Oblivion Island: Haruka and the Magic Mirror
Details: 99 mins, Japan,
Synopsis: Haruka is an ordinary teenager. Her mother passed away when she was a kid, and her father looked after her ever since. But now that she’s 16, communication with her ever-absent workaholic father is not at its best, and 'home' has become synonymous of solitude. One day, in a shrine yard, Haruka spots a strange creature resembling a fox, carrying a toy plane. But as she goes after the funny animal, she finds herself on... Oblivion Island.
An animated Japanese Alice in Wonderland.
JAPANESE FILM FESTIVAL: The first fully-digital 3D feature from veteran Japanese anime house Production I.G. is an appealing fantasy/adventure aimed at family audiences.
The screenplay of Oblivion Island: Haruka and the Magic Mirror by Shinsuke Sato (who also directs) and Hirotaka Adachi borrows elements from Toy Story, Wall.E and Alice in Wonderland.
The marriage between anime and CGI isn’t entirely successful as the human characters have doll-like faces, the colours of houses, trees and fields appear washed-out, and they lack the rich, vivid detail of Western animation.
The animation does get more layered, intricate and imaginative after the 16-year-old heroine Haruka (voiced by Haruka Ayase) plunges like Alice into an underground world full of monsters and evil brigands.
After an argument on the phone with her father, Haru goes off in search of a hand mirror given to her by her late mother, a memento she had cherished, then lost. The ordinary-looking mirror is said to have magic powers but its provenance isn’t explained, a nuance which probably won’t bother young viewers who would be the primary audience.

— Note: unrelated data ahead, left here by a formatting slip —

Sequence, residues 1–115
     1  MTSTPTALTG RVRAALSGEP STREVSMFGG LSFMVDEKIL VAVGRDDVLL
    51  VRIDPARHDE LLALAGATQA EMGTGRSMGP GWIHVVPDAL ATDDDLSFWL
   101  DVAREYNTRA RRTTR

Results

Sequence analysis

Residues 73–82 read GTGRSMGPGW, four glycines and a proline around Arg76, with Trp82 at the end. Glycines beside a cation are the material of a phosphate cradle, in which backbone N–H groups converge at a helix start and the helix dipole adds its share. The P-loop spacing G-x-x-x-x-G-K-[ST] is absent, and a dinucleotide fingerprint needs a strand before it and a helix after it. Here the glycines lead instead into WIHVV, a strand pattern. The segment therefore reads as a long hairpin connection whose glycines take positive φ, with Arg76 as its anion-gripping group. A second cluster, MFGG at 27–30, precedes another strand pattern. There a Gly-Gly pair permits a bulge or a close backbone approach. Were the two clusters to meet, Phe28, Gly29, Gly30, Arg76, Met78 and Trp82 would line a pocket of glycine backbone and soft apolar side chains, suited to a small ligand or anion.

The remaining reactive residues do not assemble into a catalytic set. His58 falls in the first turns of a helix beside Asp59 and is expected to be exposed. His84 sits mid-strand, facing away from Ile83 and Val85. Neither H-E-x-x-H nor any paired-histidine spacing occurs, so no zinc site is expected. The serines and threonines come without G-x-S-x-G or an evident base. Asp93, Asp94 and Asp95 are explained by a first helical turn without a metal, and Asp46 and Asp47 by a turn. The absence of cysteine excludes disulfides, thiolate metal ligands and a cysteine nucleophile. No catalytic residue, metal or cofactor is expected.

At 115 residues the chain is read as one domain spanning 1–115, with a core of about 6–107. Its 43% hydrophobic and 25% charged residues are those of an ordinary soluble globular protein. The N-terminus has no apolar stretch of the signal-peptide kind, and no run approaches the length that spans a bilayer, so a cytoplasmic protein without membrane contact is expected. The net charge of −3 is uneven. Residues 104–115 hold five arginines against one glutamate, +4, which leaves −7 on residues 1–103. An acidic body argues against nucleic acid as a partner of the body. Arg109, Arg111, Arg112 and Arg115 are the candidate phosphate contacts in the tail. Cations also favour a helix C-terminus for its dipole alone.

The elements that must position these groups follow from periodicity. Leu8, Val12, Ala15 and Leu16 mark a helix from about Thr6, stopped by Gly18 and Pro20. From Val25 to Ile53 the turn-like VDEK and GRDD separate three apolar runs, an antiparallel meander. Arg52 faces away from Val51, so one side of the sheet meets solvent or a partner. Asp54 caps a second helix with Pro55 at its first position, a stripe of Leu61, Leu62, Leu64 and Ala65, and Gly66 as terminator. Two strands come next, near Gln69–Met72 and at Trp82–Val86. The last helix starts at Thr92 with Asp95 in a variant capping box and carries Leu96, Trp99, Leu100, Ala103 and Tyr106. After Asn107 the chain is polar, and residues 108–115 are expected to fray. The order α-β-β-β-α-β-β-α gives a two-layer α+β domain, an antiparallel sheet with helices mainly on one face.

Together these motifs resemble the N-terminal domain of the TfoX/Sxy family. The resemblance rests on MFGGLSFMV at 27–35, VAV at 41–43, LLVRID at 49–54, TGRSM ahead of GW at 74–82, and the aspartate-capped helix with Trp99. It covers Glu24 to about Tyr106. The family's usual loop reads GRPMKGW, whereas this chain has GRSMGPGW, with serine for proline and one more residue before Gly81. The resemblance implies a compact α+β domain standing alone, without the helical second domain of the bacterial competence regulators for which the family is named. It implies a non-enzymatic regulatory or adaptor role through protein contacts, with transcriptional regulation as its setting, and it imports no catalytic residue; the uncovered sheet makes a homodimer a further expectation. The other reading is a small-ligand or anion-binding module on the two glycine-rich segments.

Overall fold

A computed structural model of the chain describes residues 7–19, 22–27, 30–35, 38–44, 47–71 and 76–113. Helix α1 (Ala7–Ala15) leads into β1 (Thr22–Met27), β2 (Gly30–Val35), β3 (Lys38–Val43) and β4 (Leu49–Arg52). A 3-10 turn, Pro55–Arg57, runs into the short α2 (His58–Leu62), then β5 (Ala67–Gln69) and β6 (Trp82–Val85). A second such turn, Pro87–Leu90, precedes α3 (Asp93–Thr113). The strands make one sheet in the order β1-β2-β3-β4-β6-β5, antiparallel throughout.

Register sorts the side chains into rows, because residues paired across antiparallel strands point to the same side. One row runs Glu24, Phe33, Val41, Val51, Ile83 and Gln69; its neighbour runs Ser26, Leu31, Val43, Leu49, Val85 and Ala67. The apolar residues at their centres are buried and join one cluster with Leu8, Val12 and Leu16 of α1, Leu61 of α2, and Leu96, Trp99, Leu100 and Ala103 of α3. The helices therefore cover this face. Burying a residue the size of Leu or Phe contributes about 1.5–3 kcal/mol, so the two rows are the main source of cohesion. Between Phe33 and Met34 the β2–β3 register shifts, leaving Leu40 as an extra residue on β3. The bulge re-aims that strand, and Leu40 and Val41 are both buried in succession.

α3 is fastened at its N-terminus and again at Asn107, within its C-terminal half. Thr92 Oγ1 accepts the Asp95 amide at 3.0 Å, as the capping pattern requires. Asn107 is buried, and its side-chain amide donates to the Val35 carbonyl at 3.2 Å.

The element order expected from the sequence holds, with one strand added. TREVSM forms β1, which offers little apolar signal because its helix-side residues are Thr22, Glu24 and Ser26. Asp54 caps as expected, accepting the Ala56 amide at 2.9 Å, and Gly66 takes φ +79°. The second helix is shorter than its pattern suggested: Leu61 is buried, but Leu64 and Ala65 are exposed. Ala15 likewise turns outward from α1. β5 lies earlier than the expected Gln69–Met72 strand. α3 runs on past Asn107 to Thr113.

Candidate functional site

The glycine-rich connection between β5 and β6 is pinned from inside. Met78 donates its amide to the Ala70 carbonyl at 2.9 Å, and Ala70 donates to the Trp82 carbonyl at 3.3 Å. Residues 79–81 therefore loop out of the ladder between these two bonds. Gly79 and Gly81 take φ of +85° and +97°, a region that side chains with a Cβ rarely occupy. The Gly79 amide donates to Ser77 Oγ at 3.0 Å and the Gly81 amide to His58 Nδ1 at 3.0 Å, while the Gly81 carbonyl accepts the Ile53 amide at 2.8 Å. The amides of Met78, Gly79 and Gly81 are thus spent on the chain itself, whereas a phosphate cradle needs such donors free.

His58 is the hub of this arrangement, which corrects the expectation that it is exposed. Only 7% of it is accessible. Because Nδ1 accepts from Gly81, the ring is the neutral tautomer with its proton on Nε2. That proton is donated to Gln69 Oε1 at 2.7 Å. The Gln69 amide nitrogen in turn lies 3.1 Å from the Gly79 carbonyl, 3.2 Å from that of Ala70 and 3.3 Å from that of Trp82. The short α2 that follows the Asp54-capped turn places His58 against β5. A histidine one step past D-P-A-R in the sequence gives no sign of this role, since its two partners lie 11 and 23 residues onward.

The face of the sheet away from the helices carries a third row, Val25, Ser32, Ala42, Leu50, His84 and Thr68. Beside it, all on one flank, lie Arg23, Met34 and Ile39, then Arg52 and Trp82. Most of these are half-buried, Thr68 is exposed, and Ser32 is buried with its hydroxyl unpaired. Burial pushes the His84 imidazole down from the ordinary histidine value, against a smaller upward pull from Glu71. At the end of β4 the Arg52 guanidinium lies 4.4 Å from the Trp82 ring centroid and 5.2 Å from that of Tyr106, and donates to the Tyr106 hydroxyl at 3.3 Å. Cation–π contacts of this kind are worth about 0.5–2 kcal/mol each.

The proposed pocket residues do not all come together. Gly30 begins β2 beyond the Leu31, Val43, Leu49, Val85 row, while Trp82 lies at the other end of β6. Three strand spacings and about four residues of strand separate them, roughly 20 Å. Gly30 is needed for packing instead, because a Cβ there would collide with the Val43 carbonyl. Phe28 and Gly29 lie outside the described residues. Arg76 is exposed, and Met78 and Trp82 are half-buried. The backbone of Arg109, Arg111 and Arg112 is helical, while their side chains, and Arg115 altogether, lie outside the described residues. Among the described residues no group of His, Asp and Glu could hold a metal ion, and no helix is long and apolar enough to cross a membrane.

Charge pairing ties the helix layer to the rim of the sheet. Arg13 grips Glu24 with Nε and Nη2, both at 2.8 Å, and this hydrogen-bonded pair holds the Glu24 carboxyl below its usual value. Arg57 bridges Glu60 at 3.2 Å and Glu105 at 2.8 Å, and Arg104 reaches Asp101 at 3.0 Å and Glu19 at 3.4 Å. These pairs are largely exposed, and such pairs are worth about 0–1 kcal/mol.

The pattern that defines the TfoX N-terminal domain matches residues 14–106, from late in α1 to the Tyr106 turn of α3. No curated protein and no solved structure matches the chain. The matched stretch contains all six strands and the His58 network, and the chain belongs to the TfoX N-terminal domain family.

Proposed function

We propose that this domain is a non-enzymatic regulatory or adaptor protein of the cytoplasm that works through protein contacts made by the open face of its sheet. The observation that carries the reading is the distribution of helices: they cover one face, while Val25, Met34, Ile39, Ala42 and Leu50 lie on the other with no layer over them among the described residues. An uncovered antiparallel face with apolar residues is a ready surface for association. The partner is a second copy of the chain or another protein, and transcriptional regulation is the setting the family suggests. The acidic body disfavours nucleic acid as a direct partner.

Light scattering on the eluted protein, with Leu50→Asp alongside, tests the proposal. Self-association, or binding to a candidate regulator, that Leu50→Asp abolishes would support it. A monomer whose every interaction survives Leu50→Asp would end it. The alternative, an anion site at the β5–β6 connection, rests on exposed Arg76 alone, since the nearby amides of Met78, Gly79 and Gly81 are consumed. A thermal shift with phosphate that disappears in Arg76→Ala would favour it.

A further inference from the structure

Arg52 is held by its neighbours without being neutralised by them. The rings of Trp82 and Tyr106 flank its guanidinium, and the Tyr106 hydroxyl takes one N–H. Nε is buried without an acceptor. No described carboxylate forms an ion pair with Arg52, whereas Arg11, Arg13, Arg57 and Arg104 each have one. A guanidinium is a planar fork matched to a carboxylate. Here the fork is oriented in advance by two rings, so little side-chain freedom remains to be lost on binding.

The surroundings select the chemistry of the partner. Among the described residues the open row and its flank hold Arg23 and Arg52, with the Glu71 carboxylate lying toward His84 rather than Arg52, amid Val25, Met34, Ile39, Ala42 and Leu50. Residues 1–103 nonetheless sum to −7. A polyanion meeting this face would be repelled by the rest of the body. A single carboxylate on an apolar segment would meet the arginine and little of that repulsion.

Praying for the return of the mirror at a shrine, she picks up an egg and is sucked down into a world where fox spirits build whole cities out of goods discarded by humans (shades of Wall.E).
Humans are forbidden so she disguises herself with a mask and enlists the help of Teo (voiced by Miyuki Sawashiro), a doleful creature that looks like a mouse with large rabbit ears. They learn the mirror belonged to the mad Baron (Iemasa Kayumi) who rules Oblivion Island and flies around in a Zeppelin with oars, and it was later stolen by brigands known as Petitloss who live deep underground.
On the island, Haru and Teo attend a wondrous Theatre of Oblivion, where the memories of discarded objects are played out on stage. There Haru is reunited with Cotton (Tamaki Matsumoto), a once-loved toy she had thrown away and who was hurt by rejection, (echoes of Toy Story), a scene which the producers wittily integrate into their show: “What a superb ending.” Audience applauds.
Meanwhile, the Baron has heard that a human has infiltrated his domain and he despatches a fierce looking dragon and underlings to capture her. Haru, Teo and Cotton descend to the depths and it looks like Haru may find that precious mirror until it’s revealed that Teo has been forced to betray his human friend.
Defying the sweet, meek stereotype, the heroine Haru is refreshingly assertive and pushy as well as rude to her father (for which she later apologises), and her relationships with Teo and Cotton become quite emotional.
The Baron is scary looking, clad in grey with kabuki face and gold, upturned collar, but he lacks menace. Sato uses the ‘the flying camera’ technique to render exciting high-speed chases and aerial action scenes, some on a rollercoaster-like railway.
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